My dog eats faeces: What can I do?
During a walk, you and your four-legged friend romp across the meadow and step into a pile of faeces. What you as the dog owner find disgusting, your pelt nose finds an attractive source of food. Does it sniff curiously at your sole or even lick the traces of excrement off your shoe? No need to panic: Your dog is often magically attracted to fatty acids in the faeces of other dogs, other animals or even humans. If your four-legged friend occasionally eats small amounts of faeces, there is no reason to worry. If, on the other hand, your dog regularly eats large amounts of faeces and seems to be constantly looking for food, you should take a closer look.
8 reasons why your dog eats faeces
Feces eating, also called coprophagy, can have many causes:
- Territorial behaviour: Territorial behaviour: If your four-legged friend does not tolerate rivals in its territory, it will eat the excrement of its own kind and thus remove the foreign smells from its territory.
- Hygiene: If dogs are kept in kennels and the kennel is very dirty, some animals eat their own poop and thus clean their living space. Female dogs also eat their puppies' faeces after they have given birth. In this way, they keep the whelping box and the environment clean and, at best, no bacteria form.
- Stress: External factors such as an unclear hierarchy may be stressful for your dog because he is not aware of his role in the pack and therefore cannot understand his boundaries. So your dog shows you that something is stressing him out with conspicuous, negative behaviour like eating faeces.
- Attention deficit: If dogs are alone for long periods of time, or if they are bored and lack activity, eating faeces could indicate a lack of attention. For them, it is a form of attention when their owner reprimands them; they eat their faeces to gain attention in this way.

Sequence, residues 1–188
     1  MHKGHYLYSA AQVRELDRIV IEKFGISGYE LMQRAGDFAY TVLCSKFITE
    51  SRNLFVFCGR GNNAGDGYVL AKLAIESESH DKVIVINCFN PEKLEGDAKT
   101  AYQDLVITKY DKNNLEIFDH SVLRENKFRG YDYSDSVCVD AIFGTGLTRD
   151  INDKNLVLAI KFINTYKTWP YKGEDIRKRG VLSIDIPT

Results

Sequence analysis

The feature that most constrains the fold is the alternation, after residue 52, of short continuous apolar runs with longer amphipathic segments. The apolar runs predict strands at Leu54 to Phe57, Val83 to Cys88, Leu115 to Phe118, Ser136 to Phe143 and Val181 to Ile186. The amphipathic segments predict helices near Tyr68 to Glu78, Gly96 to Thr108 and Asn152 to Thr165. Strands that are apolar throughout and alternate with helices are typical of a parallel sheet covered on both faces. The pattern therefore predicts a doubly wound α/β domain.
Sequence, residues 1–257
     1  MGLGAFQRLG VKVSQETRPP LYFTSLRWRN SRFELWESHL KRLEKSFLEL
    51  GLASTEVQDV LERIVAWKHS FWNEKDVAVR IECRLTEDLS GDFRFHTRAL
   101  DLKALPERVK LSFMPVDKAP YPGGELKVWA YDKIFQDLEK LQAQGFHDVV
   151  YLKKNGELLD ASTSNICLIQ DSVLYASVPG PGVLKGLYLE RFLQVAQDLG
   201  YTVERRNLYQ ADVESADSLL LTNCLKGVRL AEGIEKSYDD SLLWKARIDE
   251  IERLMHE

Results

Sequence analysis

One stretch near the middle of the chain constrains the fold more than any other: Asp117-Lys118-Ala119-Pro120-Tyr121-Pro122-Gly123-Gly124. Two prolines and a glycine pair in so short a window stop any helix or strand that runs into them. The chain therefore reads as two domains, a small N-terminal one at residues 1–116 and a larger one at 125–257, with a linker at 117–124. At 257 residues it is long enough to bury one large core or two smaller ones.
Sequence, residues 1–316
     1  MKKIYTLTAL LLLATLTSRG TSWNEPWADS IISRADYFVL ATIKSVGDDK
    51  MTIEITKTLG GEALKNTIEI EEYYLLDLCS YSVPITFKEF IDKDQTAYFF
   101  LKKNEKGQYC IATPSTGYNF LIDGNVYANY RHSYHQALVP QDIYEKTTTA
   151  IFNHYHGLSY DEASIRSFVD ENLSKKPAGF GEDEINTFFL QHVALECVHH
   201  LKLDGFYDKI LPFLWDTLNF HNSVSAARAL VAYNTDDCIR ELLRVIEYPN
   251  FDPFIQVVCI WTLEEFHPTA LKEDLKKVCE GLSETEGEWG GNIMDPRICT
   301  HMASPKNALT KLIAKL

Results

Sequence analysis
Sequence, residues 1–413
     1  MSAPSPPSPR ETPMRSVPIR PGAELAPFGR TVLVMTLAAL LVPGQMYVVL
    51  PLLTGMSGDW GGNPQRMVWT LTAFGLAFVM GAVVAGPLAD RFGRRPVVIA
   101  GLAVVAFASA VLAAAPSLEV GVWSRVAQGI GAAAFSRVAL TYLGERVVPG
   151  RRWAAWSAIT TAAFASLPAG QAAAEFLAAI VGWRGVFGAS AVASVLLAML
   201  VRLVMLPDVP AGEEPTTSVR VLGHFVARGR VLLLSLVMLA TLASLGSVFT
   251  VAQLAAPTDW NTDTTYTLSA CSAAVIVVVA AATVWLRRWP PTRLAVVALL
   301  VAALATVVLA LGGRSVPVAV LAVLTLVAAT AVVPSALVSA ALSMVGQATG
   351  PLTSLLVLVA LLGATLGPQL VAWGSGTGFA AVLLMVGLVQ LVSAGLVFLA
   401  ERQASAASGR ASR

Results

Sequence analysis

- Exertion: Sporting dogs in particular ingest faeces when overstrained in order to quickly make up for their energy needs.
- Disease: An underactive pancreas prevents optimal utilisation of nutrients, so your dog will constantly be looking for a food source for energy.
- Worm infestation: Internal parasites cause a disturbance of the digestive processes. In this case, your dog will consistently try to ingest food to stimulate digestion.
- Nutritional deficiencies: If your four-legged friend's food is difficult to digest or not nutritious enough to provide enough energy for his activities, he is suffering from malnutrition. The lack of nutrients can promote faecal eating. In addition, chemically produced flavour enhancers in low-quality food make the dog's own faeces or those of his fellow animals appear attractive.
Eating faeces: 3 possible dangers for your dog
If your dog eats faeces regularly, it is not only unpleasant, but can also affect his health in the worst case. Three common consequences of coprophagy are:
- Worms and parasites: Some parasites lay their eggs on faeces, from which larvae develop. If your dog ingests such faeces, the parasites enter his digestive system.